7 Ways to Improve Project Efficiency

7 Ways to Improve Project Efficiency

As project management shifts toward more transparency, clients are increasingly interested in how well the team spends its time and resources. Project teams are expected to “do more with less,” and to “work smarter, not harder.” While these are good practices to adopt in general, the challenge for project managers is quantifying how much value goes into a project compared to the value that comes out. One common metric for this is project efficiency.

This article explores what project efficiency is, why it’s important, and how you can improve the efficiency of your next project.

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What is Project Efficiency?

Project efficiency measures the project output compared to the team’s investment in project management resources. A project efficiency of 100% indicates that the project was completed fully within the planned workforce, cost, and schedule constraints.

On the other hand, a project efficiency of less than 100% indicates that the project required more resources than planned. That might be due to a lack of proper planning early in project development, poor resource management during the project, or external factors such as natural disasters or key personnel leaving the company.

Project efficiency is an essential metric for project managers because it can show how well the project team is performing and which areas have room for improvement.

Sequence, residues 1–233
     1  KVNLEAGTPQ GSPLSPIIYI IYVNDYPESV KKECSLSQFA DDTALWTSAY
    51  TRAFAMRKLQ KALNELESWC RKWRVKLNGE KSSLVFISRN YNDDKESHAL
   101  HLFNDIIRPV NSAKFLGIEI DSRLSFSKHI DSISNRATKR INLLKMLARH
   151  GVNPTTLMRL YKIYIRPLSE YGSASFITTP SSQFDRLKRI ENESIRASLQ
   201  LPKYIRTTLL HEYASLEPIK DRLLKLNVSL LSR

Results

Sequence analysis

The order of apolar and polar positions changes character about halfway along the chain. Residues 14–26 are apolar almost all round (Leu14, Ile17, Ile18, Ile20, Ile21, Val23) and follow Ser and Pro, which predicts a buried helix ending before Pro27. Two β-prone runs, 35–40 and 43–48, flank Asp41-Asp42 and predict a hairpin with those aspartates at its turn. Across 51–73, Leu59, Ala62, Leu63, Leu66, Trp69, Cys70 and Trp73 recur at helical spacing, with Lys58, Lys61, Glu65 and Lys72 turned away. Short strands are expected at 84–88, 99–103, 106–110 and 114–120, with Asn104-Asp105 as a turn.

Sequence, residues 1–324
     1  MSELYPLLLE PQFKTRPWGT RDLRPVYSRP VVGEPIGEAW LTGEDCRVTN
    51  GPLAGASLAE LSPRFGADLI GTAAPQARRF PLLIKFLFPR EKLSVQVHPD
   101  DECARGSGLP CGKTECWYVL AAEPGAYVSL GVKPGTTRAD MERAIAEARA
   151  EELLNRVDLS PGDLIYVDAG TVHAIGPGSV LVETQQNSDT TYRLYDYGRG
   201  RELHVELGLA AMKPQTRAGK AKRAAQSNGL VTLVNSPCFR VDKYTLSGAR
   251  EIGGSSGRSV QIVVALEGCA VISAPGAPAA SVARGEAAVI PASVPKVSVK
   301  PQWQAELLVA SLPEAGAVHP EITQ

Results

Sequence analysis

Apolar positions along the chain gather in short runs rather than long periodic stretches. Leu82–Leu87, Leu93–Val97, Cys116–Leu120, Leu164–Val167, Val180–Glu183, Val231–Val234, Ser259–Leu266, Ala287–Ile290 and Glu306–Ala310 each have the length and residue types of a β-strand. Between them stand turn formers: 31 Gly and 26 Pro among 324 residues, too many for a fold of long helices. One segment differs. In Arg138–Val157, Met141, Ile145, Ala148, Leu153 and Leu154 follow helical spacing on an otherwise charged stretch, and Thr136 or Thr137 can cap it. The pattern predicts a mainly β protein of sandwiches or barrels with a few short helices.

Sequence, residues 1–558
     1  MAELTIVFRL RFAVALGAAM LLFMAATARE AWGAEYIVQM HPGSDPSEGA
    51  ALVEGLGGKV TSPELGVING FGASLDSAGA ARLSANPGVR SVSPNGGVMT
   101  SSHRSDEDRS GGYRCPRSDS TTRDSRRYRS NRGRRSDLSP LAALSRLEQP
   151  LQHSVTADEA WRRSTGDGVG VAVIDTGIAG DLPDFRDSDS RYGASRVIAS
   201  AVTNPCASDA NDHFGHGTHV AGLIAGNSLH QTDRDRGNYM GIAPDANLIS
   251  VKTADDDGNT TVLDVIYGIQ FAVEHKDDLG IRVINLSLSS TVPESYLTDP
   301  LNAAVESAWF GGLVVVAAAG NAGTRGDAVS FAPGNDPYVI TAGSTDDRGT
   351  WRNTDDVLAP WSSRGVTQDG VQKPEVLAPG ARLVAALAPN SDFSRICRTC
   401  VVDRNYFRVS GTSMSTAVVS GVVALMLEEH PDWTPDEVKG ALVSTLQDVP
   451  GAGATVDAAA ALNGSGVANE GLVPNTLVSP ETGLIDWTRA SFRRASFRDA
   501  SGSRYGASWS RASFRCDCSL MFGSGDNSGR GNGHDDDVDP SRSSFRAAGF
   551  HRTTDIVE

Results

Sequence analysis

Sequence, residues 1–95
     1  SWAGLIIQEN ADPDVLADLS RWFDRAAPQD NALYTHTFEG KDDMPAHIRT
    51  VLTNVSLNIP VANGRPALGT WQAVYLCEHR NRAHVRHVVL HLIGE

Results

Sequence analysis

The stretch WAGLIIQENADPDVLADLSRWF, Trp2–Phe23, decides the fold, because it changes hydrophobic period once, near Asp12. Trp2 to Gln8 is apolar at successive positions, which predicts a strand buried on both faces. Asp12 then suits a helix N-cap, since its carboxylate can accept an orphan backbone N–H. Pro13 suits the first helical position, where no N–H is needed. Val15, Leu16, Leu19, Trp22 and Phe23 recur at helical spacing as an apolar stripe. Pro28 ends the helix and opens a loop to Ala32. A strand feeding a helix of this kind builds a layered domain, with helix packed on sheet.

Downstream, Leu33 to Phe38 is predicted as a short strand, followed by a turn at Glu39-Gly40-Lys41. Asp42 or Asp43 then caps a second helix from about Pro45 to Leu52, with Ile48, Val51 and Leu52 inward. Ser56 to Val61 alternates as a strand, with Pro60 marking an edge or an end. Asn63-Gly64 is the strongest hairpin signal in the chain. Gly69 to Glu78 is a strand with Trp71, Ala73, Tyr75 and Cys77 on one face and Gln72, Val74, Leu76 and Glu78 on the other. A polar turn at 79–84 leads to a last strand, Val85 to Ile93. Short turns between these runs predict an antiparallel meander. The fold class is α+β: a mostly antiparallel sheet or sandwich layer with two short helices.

Project Efficiency vs. Project Effectiveness

Project efficiency is often discussed together with project effectiveness, which is a measure of how well the project meets customer expectations. While high project effectiveness is a result of correctly identifying the customer need or appropriately aligning the project with the organization’s strategy, high project efficiency comes from developing and employing the right processes during the project itself. 

When viewed together, project efficiency and project effectiveness can provide a clear picture of how successful the project was. For example, high project efficiency and high project effectiveness indicate that the project output met customer requirements, and the project team was able to deliver within the planned timeline and budget. However, low project efficiency and high project effectiveness suggest that the project delivered what the customer expected, but the project was subject to delays and/or cost overruns.